WASHINGTON — In a packed hearing before a congressional panel on Wednesday, writer Ta-Nehisi Coates and actor Danny Glover called for reparations for slavery.
Coates and Glover were discussing a bill, H.R. 40, the "Commission to Study and Develop Reparation Proposals for African-Americans Act," which would not allocate money for reparations but would set up a committee to find ways to do so.
Coates, whose June 2014 Atlantic cover story "The Case for Reparations" had helped kickstart the current discussion about reparations, argued that "it is impossible to imagine America without the inheritance of slavery."
A wide variety of proposals for slavery reparations have been proposed, including mental health care for African-American descendants of slaves, investments in infrastructure in historically marginalized communities, or direct payments.
Coates directly addressed Senate Majority Mitch McConnell's opposition to the bill during his remarks.
"We grant that Mr. McConnell was not alive for Appomattox...He was alive to witness kleptocracy in his native Alabama, in a regime premised by electoral theft. Majority Leader McConnell cited the passage of civil rights legislation yesterday, as well he should, because he was alive to witness the harassment, jailing, and betrayal of those responsible for those legislation, our government sworn to protect them."
McConnell, a Kentucky Republican, had made comments on Tuesday in opposition to the reparations bill.
"I don’t think reparations for something that happened 150 years ago for whom none of us currently living are responsible is a good idea," he said in a news conference. “We’ve tried to deal with our original sin of slavery by fighting a civil war, by passing landmark civil rights legislation. We elected an African-American president."
Glover explained to the committee that he was just a few generations removed from slavery.
"I sit here as the great-grandson of a former slave, Mary Brown, who was freed by the Emancipation Proclamation of January 1, 1863," Glover explained. "I had the fortune of meeting her as a small child."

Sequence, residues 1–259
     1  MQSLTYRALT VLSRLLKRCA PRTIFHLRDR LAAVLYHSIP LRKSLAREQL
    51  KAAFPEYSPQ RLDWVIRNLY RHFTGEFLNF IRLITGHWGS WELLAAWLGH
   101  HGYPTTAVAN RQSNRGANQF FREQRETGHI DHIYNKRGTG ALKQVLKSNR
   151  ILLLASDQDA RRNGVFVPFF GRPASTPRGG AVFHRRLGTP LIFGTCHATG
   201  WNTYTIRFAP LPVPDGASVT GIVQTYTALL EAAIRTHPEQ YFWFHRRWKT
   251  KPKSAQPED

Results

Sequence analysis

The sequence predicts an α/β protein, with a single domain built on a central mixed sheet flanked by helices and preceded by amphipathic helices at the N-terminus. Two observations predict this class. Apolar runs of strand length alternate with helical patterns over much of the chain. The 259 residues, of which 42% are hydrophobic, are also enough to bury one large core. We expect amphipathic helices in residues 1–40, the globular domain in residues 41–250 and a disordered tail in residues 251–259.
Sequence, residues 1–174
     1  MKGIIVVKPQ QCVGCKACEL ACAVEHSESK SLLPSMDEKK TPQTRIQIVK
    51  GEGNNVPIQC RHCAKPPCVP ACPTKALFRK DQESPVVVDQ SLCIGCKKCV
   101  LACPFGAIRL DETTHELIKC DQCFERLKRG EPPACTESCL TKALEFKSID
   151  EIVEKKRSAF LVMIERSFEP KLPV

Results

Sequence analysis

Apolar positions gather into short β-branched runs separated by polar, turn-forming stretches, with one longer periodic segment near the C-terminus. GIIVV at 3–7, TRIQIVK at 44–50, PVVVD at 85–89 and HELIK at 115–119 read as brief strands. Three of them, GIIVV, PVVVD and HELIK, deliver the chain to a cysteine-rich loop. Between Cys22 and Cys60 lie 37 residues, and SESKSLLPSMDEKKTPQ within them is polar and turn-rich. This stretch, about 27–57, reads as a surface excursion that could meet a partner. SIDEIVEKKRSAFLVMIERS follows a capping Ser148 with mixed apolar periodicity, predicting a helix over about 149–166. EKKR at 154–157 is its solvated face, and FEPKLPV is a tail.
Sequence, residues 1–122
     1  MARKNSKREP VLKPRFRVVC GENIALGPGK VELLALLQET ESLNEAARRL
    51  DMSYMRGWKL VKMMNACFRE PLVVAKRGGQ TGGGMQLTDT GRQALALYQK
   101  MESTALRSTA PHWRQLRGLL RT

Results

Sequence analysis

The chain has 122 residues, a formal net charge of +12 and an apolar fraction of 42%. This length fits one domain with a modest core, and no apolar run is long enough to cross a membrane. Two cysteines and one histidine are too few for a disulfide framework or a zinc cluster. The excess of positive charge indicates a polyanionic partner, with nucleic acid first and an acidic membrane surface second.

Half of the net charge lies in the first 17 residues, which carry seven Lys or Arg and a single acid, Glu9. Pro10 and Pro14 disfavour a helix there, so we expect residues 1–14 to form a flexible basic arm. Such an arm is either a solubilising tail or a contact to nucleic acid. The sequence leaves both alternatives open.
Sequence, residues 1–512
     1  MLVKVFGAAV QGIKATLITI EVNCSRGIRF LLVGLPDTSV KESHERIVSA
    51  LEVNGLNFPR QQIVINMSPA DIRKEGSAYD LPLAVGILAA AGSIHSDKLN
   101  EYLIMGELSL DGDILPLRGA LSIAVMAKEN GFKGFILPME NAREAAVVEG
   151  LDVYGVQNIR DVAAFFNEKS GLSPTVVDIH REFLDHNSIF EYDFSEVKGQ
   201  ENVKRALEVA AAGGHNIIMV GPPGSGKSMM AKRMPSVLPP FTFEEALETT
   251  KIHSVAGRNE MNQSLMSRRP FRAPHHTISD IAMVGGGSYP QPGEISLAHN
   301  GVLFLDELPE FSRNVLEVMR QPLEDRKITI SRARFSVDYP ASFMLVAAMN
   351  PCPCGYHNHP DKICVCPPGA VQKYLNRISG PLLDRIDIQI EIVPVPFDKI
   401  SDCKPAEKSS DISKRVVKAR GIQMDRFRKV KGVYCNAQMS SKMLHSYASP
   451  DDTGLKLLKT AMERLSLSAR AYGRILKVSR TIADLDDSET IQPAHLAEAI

Glover continued by discussing the need for change.
"The comfortable, the entrenched, the privileged cannot continue to tremble at the prospect of change in the status quo," he said.
The top Republican on the committee, Rep. Mike Johnson, R-La., argued against the bill, saying that it might result in an "unconstitutional racial preference," and said that they would result in "money from current taxpayers for the sins of a small subset of Americans," which drew boos from the audience.
"My wife Kelly and I actually have a much older son, who happens to be African American...I mention that today for one reason. I personally know the challenges he has faced early in his life. I have walked with him through discrimination he's had to endure over the years and the hurdles he's sometimes faced. I know all of this because I was with it."
The bill currently has 64 Democratic cosponsors, but it faces a long road to passage in the House. A version of the bill has been introduced in every session of Congress since 1989, according to NBC, though it has never picked up enough traction to pass. A companion Senate bill, sponsored by Sen. Cory Booker, faces even slimmer odds in the Republican-controlled chamber.
"I feel a sense of anger where we are in the United States of America where we have not had direct conversations about a lot of the root causes of the inequities and the pain and the hurt," Booker said during the hearing. "We as a nation have not yet acknowledged and grappled with racism and white supremacy that has tainted this country and continues today."
The idea has recently broken into the political mainstream, and several Democratic presidential candidates have come out in favor of some form of reparations or the study of ways to implement reparations, including Booker, Sen. Elizabeth Warren, Sen. Kamala Harris, and Marianne Williamson.
This article originally appeared on USA TODAY: Ta-Nehisi Coates, Danny Glover call for slavery reparations before Congress